And I don’t want to touch upon the question of government enforcement, then it really would be Gattaca. Then we have the sticky issues such as “where do we draw the line?” to deal with. But perhaps government encouragement? Say, discounts on diapers & baby food when you present your PF card at the Safeway. After all, purely from a cold, heartless but efficient point of view it would benefit society to have fewer people dependent on public assistance, fewer people wasting away in hospital beds with Tay-Sach’s disease. Society becomes, in a sense, healthier. More capable. More productive. Shouldn’t this be in everybody’s interest?

The latest methods that are attempting to address this issue are genetic engineering & cloning. These methods draw protests on religious grounds, or are criticized as being contrary to natural law. Establishing a system wherein reproduction is discouraged for certain “flawed” genetic lines should be more acceptable for those who object to gene splicing & cloning (“playing God”). It is, in a sense, humanity taking the bull by its horns and applying the principles of artificial selection to achieve a better tomorrow.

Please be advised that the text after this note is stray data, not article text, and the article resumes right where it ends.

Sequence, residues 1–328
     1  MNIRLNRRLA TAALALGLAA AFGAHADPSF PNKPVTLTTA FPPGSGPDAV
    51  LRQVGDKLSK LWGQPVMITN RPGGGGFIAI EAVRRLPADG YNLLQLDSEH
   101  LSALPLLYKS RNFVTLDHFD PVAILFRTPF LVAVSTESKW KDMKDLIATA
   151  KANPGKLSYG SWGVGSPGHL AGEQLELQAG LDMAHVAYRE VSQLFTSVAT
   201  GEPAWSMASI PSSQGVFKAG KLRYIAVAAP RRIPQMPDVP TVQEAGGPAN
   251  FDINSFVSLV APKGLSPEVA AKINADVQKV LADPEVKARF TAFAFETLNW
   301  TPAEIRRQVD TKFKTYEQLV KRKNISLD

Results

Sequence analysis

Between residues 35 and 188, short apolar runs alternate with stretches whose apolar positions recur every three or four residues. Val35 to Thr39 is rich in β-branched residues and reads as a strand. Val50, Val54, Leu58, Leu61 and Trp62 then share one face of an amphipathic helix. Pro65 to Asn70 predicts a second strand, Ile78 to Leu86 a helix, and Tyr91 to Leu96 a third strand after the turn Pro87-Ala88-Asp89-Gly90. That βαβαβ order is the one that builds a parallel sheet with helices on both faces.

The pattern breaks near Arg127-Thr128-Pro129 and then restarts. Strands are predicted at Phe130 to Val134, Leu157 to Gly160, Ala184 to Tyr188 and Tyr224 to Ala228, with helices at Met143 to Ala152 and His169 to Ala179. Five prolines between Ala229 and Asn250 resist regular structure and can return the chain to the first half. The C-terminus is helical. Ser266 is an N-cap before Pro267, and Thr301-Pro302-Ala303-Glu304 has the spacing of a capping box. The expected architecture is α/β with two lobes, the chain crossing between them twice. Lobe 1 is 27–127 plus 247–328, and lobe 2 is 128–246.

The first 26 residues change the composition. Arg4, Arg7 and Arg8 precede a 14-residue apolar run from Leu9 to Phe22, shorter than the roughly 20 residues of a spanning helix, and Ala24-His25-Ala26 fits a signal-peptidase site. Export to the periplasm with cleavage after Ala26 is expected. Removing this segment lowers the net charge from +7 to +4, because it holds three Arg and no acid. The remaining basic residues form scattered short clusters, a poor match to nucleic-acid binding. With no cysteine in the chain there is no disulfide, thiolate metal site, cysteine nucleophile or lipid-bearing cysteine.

But as long as we leave out government enforcement, all we can do to steer society in this direction is preach about the virtues of such methodology and hope that the collective conscience of the reproductive public responds.

Your thoughts?

That movie really annoyed me when (spoilers follow)

The crew of the Saturn probe board the spaceship while wearing jackets and ties! That’s taking fashion sense too far!